New ACA Affordability Definition for 2017

ACAThe Internal Revenue Service (IRS) recently released new guidelines on the percentage to be used to determine an employer’s group plan “affordability” under the Affordable Care Act (ACA) for plan years beginning in 2017. The affordability of a group plan is used to determine if penalties are applied to the employer and if an individual employee is eligible for a premium tax credit. Therefore, it is important that employers keep these rules in mind when planning employee contribution strategy for the upcoming plan year.

For plan years beginning in 2017, employer-sponsored plans will be considered “affordable” if the employee’s required contribution for self-only coverage does not exceed 9.69% of an employee’s household income for the year. This increased slightly from 9.66% in 2016. The percentage applies to the self-only rates, and does not include additional costs for dependents.

If an employee is required to pay more than 9.69% of income in 2017, that employee is eligible for the premium tax credit through the Marketplace. This could also result in penalties for employers. If an employer offers more than one medical plan, the affordability test applies only to the lowest-cost option, as long as that low-cost option also meets the ACA minimum value of coverage.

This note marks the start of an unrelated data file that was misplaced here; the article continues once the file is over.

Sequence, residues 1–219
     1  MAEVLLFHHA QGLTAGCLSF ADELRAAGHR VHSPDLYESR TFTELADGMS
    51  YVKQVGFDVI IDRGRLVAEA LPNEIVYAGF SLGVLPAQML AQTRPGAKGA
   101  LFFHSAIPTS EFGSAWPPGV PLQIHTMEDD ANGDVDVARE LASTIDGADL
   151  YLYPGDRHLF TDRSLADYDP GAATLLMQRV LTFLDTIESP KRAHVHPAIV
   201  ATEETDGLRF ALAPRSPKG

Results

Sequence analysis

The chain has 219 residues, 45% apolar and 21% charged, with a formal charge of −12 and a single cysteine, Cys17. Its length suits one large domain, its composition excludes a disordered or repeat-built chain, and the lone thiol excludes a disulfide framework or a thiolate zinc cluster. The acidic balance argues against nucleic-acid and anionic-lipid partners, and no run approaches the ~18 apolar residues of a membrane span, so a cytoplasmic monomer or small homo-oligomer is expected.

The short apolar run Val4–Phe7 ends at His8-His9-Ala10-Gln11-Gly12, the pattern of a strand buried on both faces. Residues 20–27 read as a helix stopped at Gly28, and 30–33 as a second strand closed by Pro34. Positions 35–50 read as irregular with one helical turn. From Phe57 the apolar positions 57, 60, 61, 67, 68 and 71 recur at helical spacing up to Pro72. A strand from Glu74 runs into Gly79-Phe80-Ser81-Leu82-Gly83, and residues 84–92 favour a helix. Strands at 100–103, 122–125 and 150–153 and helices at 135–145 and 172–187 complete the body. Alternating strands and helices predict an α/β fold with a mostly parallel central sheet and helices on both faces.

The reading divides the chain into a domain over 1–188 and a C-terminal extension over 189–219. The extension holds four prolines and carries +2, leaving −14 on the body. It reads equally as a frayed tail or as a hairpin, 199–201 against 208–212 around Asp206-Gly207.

When considering employee contributions, using the lowest paid employee’s income for the calculation ensures that all employees meet the 9.69% guideline. Your benefits consultant can assist with the process of determining the best contribution scenario for your credit union. They can help you decide how to meet your financial goals, as well as the credit union’s social goals, through employee contribution strategy discussions.